Arrowroot flour and arrowroot powder are two names that are often used interchangeably to refer to the same starch extracted from the arrowroot plant. Both are increasingly popular gluten-free and grain-free alternatives to traditional flours and starches like wheat flour and cornstarch.
But some people wonder - is there actually a difference between arrowroot flour and arrowroot powder? Or are they really just two names for the exact same ingredient?
What is Arrowroot Flour?
Arrowroot flour is a fine, white powder made from the starch extracted from the tuberous roots of the arrowroot plant (Maranta arundinacea). To make arrowroot flour, the roots are first washed, peeled, and grated to release the starch. The milky liquid is then strained out, allowed to settle, and the starch is dried and ground into a soft, powdery flour.
Arrowroot flour is sometimes labeled as arrowroot powder or arrowroot starch, but it's all the same product - a naturally gluten-free and grain-free starch powder. Some key characteristics of arrowroot flour include:
- Flavorless & Odorless: Arrowroot flour has no discernible taste or smell, allowing the flavors of your dish to shine.
- Gluten-Free: Contains no gluten, making it suitable for gluten-free diets.
- Grain-Free: As it is made from a root vegetable, arrowroot flour contains no grains.
- Paleo-Friendly: Arrowroot flour fits into Paleo diets as it comes from an unprocessed, whole food source.
- Vegan: Arrowroot flour contains no animal products or byproducts.
- Non-GMO: Most arrowroot flour is not genetically modified. Always check labels.
- Neutral pH: Arrowroot flour can withstand acidic ingredients like citrus, vinegar, and wine.
arrowroot flour acts as an incredibly versatile starch flour that works well in a wide variety of dishes.
What is Arrowroot Powder?
Arrowroot powder refers to the same soft, white starch flour made from the arrowroot plant. There is no difference between arrowroot flour and arrowroot powder. The names are used interchangeably.
Arrowroot powder is most commonly used as a thickener and binding agent in cooking and baking. It can quickly thicken sauces, gravies, soups, and fillings for pies and tarts. In baking, arrowroot powder helps give structure to gluten-free baked goods.
Some advantages of using arrowroot powder over other starches:
- Provides a clear, glossy finish - doesn't turn sauces cloudy
- Can withstand acidic ingredients like citrus and vinegar
- Holds up to freezing - stays viscous when thawed
- Has a neutral flavor - doesn't alter taste of foods
Arrowroot powder is ideal as a thickener in recipes where transparency and sheen are desirable. It also works well in gluten-free baking.
Arrowroot Flour vs. Arrowroot Powder
Now that we've defined both arrowroot flour and arrowroot powder, it becomes clear that they are the same product. Both refer to the soft, white starch powder extracted from the arrowroot tuber.
The terms "arrowroot flour" and "arrowroot powder" are used interchangeably on packaging labels across brands. There is no discernible difference between something called "arrowroot flour" versus "arrowroot powder" - they can be used identically in recipes.
Some reasons why both terms are used:
- Regional preferences: In some areas, "flour" is more common while others use "powder."
- Gluten-free substitutes: Arrowroot flour is marketed as an alternative to wheat flour.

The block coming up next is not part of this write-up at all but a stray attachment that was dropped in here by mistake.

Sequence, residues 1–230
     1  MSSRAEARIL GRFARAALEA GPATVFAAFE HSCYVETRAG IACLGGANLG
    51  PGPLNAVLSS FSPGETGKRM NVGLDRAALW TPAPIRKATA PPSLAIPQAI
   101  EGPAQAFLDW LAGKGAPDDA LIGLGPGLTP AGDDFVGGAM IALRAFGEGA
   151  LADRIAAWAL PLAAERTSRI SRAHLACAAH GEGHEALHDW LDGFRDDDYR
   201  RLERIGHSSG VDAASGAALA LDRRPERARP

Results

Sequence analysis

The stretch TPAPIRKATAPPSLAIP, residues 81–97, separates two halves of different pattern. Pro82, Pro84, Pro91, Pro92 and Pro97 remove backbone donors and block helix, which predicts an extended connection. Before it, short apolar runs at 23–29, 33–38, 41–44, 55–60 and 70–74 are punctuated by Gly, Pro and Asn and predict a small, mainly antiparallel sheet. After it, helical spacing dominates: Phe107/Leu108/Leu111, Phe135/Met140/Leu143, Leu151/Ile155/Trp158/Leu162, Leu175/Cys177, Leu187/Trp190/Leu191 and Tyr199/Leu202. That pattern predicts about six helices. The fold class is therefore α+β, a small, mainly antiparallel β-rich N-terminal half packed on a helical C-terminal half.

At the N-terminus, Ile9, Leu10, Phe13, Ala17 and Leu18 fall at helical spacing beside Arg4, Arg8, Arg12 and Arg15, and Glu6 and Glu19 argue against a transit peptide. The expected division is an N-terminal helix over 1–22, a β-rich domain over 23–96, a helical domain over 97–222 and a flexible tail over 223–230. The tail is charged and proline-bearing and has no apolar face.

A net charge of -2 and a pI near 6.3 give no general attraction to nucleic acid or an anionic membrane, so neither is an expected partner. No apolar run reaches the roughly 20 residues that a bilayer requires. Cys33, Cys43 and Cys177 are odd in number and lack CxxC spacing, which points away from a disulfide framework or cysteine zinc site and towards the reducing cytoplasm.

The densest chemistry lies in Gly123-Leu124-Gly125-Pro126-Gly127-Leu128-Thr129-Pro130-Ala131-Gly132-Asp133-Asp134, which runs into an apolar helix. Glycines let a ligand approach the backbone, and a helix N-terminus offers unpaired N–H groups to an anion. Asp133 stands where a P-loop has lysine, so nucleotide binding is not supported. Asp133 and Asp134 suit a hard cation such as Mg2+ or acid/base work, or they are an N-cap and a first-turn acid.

- Thickening agent: Arrowroot powder highlights use as a thickener like cornstarch.
But whether the package says arrowroot flour or arrowroot powder, you can be assured it is the same starchy powder extracted from arrowroot tubers.
Nutrition of Arrowroot Flour and Powder
Arrowroot flour and arrowroot powder have nearly identical nutritional profiles as they come from the same source. Here is the nutrition information per 2 tablespoons (14 grams) of arrowroot flour or powder:
- Calories: 35
- Carbohydrates: 8g
- Protein: 0g
- Fat: 0g
- Fiber: 0g
Some key highlights:
- High in carbs: Around 80% of arrowroot is carbohydrates in the form of starch.
- Low in protein: Arrowroot contains very little protein.
- No fat: Arrowroot flour and powder contain no fat.
- Minimal fiber: There is almost no fiber in arrowroot, unlike other root vegetables.
- Rich in minerals: Provides small amounts iron, magnesium, phosphorus, potassium, folate, and B vitamins.
Arrowroot flour and powder are predominantly composed of starch carbohydrates and minimal other nutrients. They are not a significant source of protein, fat, or fiber.
Texture of Arrowroot Flour vs Arrowroot Powder
When added to recipes, arrowroot flour and arrowroot powder produce nearly identical textures and mouthfeels:
- Light & airy: Creates light body without heaviness.
- Soft & powdery: Smooth and silky texture.
- Non-gritty: Dissolves more finely than other starchy flours.
As a thickener, arrowroot imparts a glossy, gel-like texture to sauces. It gives a clear finish that doesn't dull or discolor the sauce.
In baking, arrowroot lends a delicately crumbly texture with Binding Ability that provides moisture without turning baked goods gummy.
The fine nature of arrowroot flour and powder allows it to produce superior textures compared to other starch thickeners like cornstarch.
So whether using arrowroot flour or powder, you can expect nearly identical lightweight and velvety smooth results.
Thickening Ability of Arrowroot Flour vs Powder
One of the primary uses of arrowroot flour/powder is as a thickening agent. Let's examine how the thickening power compares:
- Twice as effective as wheat flour: Arrowroot thickens twice as much as wheat flour when used in equal amounts.
- Superior to cornstarch: Provides clearer, shinier results compared to cornstarch.
- Well-suited for acidic liquids: Won't break down in acidic ingredients like fruit sauces.
- Adds body when heated: Swells and gels when heated to thicken soups, gravies, sauces.
- Creates stability: Helps bind ingredients smoothly without separation.
To use arrowroot as a thickener, it's best to create a slurry. Mix the arrowroot with a bit of cold water before adding to hot liquids. This prevents clumping.
Arrowroot also thickens at relatively low temperatures, so it can be added at the end of cooking. Extended high heat will cause arrowroot to thin out.